‘Are you okay?’: Starting conversations about mental health

The Globe and Mail and We Charity have partnered to promote media literacy and education around global issues. This is part of a series of discussion guides and videos for parents and their children to read, watch and discuss together

Contributed to The Globe and Mail

Mental health is not defined simply by the absence of mental illnesses or disorders. Mental health involves a balance of the physical, mental and emotional state of being in which all individuals are able to live happy, productive lives, and cope with life’s normal stresses and negative experiences.

Sadly, that isn’t the case for more than three million young Canadians between the ages of 12 and 19, who are at risk of developing serious depression. And only one in five young Canadians who need mental-health services will receive the support they need.

“When children and youth don’t get the mental-health care they need, the consequences are immense,” Jane Philpott, Canada’s former health minister, has said. “Untold anguish, further mental illness and health-care costs, the inability to continue work or school programs, substance use disorders, violence and incarceration – plus the heartache of families who know something is very wrong, but feel desperate and powerless in the face of the suffering of loved ones.”

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From anxiety disorders and attention-deficit hyperactivity disorder (ADHD) to depression, eating disorders, substance abuse, suicide and more, 20 per cent of Canadians will face mental-health challenges, some beginning at a young age.

“This is not to mention the contribution these young people could make to society if they were able to function, or be better accepted and integrated in our communities in spite of mental-health challenges,” Philpott, now Minister of Indigenous Services, has said.

According to the World Health Organization (WHO), conversations, policies and practices that address mental health also need to look beyond illnesses and disorders to promote mental health in all areas and aspects that support healthy living. That is, treating mental-health challenges is one thing, but creating healthy environments in all aspects of life offer preventive methods for good health – for everyone.

Canada’s mental-health funding falls short

Today, 12 per cent of females and 5 per cent of males age 12 to 19 have experienced major depressive episodes. Yet mental health accounts for only 7 per cent of Canada’s health-care budget, falling well behind peer countries such as New Zealand, Australia and Britain, whose mental-health expenditure ranges from 10 per cent to 14 per cent. Among Canadian youth, suicide ranks as the second leading cause of death, with almost 25 per cent of all deaths for those age 15 to 24 attributed to suicide. (Accidents are the leading cause of death in this age group.) This is the third highest suicide rate among industrialized countries. Among Indigenous youth, the statistics are even more frightening: Suicide and self-inflicted injuries are the leading cause of death, and, according to Health Canada, the suicide rate among First Nations young people age 15 to 24 is five to six times higher than among non-Indigenous youth.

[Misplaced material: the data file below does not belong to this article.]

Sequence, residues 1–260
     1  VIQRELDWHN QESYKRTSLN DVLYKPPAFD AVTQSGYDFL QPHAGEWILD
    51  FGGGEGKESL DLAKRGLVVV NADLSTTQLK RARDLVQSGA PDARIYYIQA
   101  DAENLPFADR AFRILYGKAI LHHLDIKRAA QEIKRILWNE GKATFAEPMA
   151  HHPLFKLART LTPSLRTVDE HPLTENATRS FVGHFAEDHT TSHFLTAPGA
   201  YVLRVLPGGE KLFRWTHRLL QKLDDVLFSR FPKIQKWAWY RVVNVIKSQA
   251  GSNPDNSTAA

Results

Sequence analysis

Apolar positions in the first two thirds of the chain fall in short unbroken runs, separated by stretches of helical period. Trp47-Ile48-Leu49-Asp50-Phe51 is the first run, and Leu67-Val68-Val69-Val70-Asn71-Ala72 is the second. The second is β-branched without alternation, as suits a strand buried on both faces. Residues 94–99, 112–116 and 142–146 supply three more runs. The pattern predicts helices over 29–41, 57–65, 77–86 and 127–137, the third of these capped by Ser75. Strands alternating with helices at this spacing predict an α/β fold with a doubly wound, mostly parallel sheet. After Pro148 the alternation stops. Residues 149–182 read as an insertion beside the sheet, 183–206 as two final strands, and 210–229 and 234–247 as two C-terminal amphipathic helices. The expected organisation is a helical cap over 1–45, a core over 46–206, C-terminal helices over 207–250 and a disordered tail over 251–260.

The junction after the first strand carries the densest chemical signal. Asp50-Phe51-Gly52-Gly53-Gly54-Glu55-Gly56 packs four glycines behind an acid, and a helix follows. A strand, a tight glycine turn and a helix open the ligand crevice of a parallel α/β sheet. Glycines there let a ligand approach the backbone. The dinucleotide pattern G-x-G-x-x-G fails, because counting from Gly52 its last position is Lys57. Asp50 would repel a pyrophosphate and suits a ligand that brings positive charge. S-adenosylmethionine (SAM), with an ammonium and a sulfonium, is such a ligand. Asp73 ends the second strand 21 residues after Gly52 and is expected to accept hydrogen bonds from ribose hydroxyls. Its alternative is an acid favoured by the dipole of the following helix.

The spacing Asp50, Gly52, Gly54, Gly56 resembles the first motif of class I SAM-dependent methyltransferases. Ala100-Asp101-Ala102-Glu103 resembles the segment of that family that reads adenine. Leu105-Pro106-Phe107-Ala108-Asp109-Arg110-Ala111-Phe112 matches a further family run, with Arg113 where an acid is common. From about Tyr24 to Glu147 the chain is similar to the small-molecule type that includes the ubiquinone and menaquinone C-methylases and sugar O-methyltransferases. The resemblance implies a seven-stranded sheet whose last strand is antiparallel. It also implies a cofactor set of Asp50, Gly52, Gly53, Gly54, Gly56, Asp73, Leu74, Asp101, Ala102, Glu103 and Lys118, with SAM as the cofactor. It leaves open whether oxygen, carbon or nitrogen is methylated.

“Suicidal youth are in pain,” Youth Mental Health Canada shares on its website. “They don’t necessarily want to die; they want their pain to end. If their ability to cope is stretched to the limit, or if problems occur together with a mental illness, it can seem that death is the only way to make the pain stop.”

Mental-health risks and stigmas

Mental-health issues can affect youth at any age and from across race, gender, socio-economic and cultural backgrounds. But certain situations can place some young people at a higher risk, including:

  • A family history of mental illness.
  • New immigrants and refugees who experience difficult economic circumstances.
  • Indigenous children and youth who have poorer overall health, live in isolated communities and have scarce educational and work-related opportunities (suicide rates among Indigenous youth are five to 11 times the national average).
  • LGBTQ children and youth who experience rejection from their families and bullying.
  • Big life changes such as moving to a new city or new school.
  • Facing or witnessing trauma, including abuse.